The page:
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Telogen Effluvium & Hair Loss


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A common misconception about male-/female-pattern baldness is that stress increases your likelihood of future balding when in reality stress does not affect the body’s DHT levels. Although this myth of hair loss is not technically true of androgenetic alopecia, stress is the leading cause of another form of hair loss called telogen effluvium. This is a condition brought on by extreme stress, sudden change like extensive weight loss, or even childbirth.  There is no pattern or patchy loss of hair in telogen effluvium; instead, there is a general shedding or thinning of the hair, which generally occurs months after the initial shock which caused the hair loss happened. 

How does this occur?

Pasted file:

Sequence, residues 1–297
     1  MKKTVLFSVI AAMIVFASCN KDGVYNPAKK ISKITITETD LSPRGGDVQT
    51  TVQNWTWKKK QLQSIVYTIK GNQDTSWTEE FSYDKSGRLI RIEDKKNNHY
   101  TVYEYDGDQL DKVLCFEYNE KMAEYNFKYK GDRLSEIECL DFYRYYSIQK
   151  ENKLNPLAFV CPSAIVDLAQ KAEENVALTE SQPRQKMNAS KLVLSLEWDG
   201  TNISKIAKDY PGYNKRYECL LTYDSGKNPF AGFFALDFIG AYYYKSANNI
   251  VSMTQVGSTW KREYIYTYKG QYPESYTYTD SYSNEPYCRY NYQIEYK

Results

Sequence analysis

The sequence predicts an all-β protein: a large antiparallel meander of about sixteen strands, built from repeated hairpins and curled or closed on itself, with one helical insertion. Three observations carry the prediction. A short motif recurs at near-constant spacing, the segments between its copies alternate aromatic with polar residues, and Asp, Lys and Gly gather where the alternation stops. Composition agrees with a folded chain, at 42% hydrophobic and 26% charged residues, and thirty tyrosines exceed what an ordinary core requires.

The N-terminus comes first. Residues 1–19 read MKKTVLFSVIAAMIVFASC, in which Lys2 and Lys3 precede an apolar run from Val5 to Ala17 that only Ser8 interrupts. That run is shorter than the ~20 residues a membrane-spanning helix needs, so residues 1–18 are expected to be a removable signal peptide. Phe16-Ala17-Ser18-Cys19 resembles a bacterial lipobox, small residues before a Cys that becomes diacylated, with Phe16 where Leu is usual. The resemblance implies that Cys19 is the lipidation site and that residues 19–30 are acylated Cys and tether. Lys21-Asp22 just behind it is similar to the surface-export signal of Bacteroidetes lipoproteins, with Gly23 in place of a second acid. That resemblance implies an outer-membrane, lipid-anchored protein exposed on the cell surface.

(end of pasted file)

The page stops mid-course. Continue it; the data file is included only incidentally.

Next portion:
Telogen effluvium is related to the cyclical nature of hair growth which has two phases: anagen and telogen.  In simple terms, the anagen phase is the hair’s growth cycle and the telogen phase is its restive or hibernation cycle. During the anagen stage, which can last for three years in individual hairs, the hairs grow and force old, resting hairs out of their follicles. In contrast, telogen generally only lasts for three months and on average only about 15% of the total amount of hairs on your head at any given moment is in their resting phase.  A sudden shock to the system can jolt the hair growth phases causing more hairs than usual to go into a telogen-state of hibernation. Three months after the shock, when the anagen cycle begins again, a larger proportion of hairs than normally shed after a resting cycle are sloughed off, causing temporary hair loss. Most people have experienced this type of shedding and the process generally rights its self within the next anagen/telogen cycle if the stress has subsided.


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